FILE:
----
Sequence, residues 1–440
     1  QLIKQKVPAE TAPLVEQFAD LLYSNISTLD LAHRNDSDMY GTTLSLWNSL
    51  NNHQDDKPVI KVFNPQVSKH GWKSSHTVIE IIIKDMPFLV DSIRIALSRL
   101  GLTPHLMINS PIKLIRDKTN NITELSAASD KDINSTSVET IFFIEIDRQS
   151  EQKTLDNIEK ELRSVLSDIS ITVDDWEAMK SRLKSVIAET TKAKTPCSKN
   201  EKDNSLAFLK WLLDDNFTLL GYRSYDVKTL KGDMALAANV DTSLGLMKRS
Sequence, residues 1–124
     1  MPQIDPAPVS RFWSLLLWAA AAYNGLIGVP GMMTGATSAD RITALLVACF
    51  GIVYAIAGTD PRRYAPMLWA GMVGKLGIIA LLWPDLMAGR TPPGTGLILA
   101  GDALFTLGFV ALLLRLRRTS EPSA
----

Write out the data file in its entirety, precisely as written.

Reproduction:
Sequence, residues 1–440
     1  QLIKQKVPAE TAPLVEQFAD LLYSNISTLD LAHRNDSDMY GTTLSLWNSL
    51  NNHQDDKPVI KVFNPQVSKH GWKSSHTVIE IIIKDMPFLV DSIRIALSRL
   101  GLTPHLMINS PIKLIRDKTN NITELSAASD KDINSTSVET IFFIEIDRQS
   151  EQKTLDNIEK ELRSVLSDIS ITVDDWEAMK SRLKSVIAET TKAKTPCSKN
   201  EKDNSLAFLK WLLDDNFTLL GYRSYDVKTL KGDMALAANV DTSLGLMKRS
Sequence, residues 1–124
     1  MPQIDPAPVS RFWSLLLWAA AAYNGLIGVP GMMTGATSAD RITALLVACF
    51  GIVYAIAGTD PRRYAPMLWA GMVGKLGIIA LLWPDLMAGR TPPGTGLILA
   101  GDALFTLGFV ALLLRLRRTS EPSA